How It Works
The foundation of Zacuto’s rig system is the Universal Baseplate. They call it universal because it is designed so that any camera can be secured to it. When the camera is secured to the baseplate it has the ability to slide vertically, horizontally and be raised in height. The Universal Baseplate is used to secure the camera to a shoulder mount, tripod or other Zacuto designed devices to hold up the camera. The baseplate is mounted on 15 mm aluminum rods. The rods are made to connect to other components which clamp on as arms. The arms hold features such as handles, microphones, mat boxes, monitors and mechanisms that enable a camera person to smoothly focus or zoom.
The DSLR Revolution
Today, Zacuto’s rigs are more valuable to filmmakers than ever because of the proliferation of DSLRs (digital single lense reflex cameras) which can shoot extremely high quality 24p 1080i High-definition video. Since HD video capability was introduced to DSLRs in 2008, millions of filmmakers worldwide have fallen in love with them for they same reason they loved the VariCam and its prosumer offspring, these cameras have the ability to deliver high quality images resembling those of film for a relatively cheap price. For readers unfamiliar with the terminology, DSLR cameras are the modern digital version of the large still photography cameras traditionally used by professional photographers (SLR cameras are the original analogue version). Photographers and filmmakers like these cameras because they have interchangeable lenses and large image sensors which allow similar depths of field and picture angles to film formats.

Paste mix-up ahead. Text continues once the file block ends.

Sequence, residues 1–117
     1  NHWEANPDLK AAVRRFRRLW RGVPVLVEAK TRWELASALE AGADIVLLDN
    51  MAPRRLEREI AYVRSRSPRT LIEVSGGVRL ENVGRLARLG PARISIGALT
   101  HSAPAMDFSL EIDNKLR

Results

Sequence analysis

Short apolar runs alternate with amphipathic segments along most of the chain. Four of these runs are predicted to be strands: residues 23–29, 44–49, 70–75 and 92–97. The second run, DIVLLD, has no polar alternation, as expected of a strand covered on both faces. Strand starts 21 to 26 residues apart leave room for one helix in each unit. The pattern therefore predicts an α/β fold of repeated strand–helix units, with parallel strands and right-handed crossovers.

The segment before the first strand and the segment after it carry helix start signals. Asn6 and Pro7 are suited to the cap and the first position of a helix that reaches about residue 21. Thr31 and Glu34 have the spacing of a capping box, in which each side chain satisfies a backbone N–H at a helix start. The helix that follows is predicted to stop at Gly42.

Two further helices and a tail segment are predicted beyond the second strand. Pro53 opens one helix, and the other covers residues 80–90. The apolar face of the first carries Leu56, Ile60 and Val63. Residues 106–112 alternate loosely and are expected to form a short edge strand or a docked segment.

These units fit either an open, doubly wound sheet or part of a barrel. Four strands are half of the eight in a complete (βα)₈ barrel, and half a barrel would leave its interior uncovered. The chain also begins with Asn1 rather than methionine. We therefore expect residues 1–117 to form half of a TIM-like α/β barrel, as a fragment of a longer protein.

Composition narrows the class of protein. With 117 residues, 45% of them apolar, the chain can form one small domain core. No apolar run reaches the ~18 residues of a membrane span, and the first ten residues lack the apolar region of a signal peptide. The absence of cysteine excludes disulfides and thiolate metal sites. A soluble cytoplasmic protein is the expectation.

Prices of today’s DSLRs without lenses can range from as low as $500 up to $3000, which can sound wonderful to an indy filmmaker on a tight budget. However, despite the potential of these cameras to produce beautiful images, the reality is that they have not been engineered for shooting professional video.